Very tired & constantly fatigued
Administrator, Staff, Member, Moderator
Original post created by member
moved to own thread in 'Newly diagnosed' category:
So sorry you find yourself here. It is such a overwhelming process isn't it especially after you helped in her journey with breast cancer. That's tough. I don't think any of us ever think we would get breast cancer. I never thought I would get it either but here I am.
You have been through alot and still have a bit more to get through yet to finish your treatment. You will get there in times. It is exhausting to go through all this. Just processing it emotionally takes it out of you and then chemo, surgery and radium also have fatigue as a consequence of the treatment.
Give yourself time. It takes months to get over this. I finished my treatment about this tine last year. I had 2 surgeries, chemo and radium and now tamoxifen. I suffered fatigue badly but what helped amazingly was walking. Some how it just seems to work. I still get fatigue from tamoxifen but I still walk daily.
I had to adjust my expectations of myself and I had to allow myself to have rests, not do everything for everyone, say no, put myself first before I helped others and all of that seems to have made a better life for me now.
I wish you all the best.
I don't think anyone who hasn't experienced BC can understand how exhausting it can be. No doubt other conditions have the same consequences.
I don't think there is any solution to it. Lying on the couch when you can is tempting but going for a walk is probably a better idea. Which sounds great in theory.
Do the best you can. Give yourself time to grieve the old you. And your mum.
I lost my job too. Now I have a new one, but it took a while for that to happen. Mxx
Mid North Coast, NSW
Gosh, you've had a hard time of it, what with losing your Mum as well as being diagnosed yourself and then losing your job xx That's a really tough call.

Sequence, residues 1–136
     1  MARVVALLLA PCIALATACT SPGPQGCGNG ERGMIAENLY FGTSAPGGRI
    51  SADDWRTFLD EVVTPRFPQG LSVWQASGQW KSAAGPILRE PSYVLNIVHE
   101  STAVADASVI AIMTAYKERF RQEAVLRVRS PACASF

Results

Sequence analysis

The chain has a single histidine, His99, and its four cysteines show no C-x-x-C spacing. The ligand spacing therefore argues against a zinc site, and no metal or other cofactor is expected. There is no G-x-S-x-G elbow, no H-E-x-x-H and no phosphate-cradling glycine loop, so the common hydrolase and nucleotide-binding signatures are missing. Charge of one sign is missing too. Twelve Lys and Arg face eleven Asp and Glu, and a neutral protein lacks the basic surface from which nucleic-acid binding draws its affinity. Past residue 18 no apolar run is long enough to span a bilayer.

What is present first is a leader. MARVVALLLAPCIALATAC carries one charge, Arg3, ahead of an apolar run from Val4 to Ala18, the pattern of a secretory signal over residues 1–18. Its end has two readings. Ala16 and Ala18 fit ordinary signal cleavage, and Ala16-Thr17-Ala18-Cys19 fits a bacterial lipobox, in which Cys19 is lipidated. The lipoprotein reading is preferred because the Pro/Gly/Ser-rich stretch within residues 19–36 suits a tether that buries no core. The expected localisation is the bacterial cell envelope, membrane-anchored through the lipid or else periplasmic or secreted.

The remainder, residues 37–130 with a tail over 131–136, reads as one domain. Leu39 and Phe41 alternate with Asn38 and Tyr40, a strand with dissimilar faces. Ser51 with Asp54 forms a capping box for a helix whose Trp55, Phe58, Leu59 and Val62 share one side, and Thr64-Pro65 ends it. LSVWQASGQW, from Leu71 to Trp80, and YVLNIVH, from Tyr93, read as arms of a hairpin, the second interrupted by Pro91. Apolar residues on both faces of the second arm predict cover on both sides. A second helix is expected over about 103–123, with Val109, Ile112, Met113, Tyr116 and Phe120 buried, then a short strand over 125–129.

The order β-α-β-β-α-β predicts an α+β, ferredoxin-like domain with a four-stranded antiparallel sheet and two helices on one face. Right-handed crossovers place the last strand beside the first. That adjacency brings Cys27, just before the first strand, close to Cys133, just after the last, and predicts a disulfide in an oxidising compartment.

I hope your last sessions of chemo go as smoothly as they can - sadly the fatigue/tiredness is one of the most common side effects
And this mongrel disease actually mucks with your brain as much as it does your body, too. Hopefully, you'll find the radiation less taxing on your body, tho some also experience fatigue at the end as well ... but on the whole, it can be the 'easiest' of the the 'Big 3' - Surgery, Chemo & Rads.
As you are able, try & get back into the things you love doing - your favourite hobbies - or even take up a new one. I was able to celebrate the end of my active treatment (surgery & rads) by having a holiday on a tropical island with a bunch of friends (Norfolk Island) and it was lovely.
You said you are in WA - we have quite a few members in WA - what general area do you live in? We may have someone nearby for you to chat with & even meet up with for a coffee, Covid willing. (You can add your town/city to your profile.)
If you are rural, you can also claim fuel $$ for travel to & from your appointments - and $ towards accommodation if you have to stay overnight ..... I take an IPTAAS form with me everywhere for our appointments.
Jump onto this thread when you can & check out some of the other areas of BCNA that may help you ..... and if you need to chat with anyone, ring the Helpline (in the blue line up the top of the page) and they will help you thru the tough times.
take care & all the best xx
I didn’t go through chemo but did have a mastectomy and 28 sessions of radiotherapy and am now on hormone therapy for at least 5 years.
It was actually this time last year I was coming to the end of my radiotherapy and I was very fatigued , the fatigue continued for at least a month after I finished.
I was lucky I was semi retired ( I am 63) - I went back to work a couple of days a week about 2 months after finishing radiotherapy.
I learnt to say “ no” for the first time in my life and I think some of my friends and family were shocked but my husband was totally supportive.
I used to have all my family over to my house for Xmas lunch every year but last year I said I just can’t do it I am too tired.
My husband booked a restaurant for us and my mum paid and I enjoyed it to much I said let’s do it again - which we are and this time my sister is paying.
You need to be kind to yourself and give the body time to heal .
Agree with what someone said above - that doesn’t mean laying on the couch all day as exercise ( walking is fine for a start) is good physically and mentally and a number of studies have shown regular exercise helps prevent recurrence.
Take care and if you are ever finding things tough the ladies on here are here to support you as we “ get it” in a way someone who hasn’t been through this never can.
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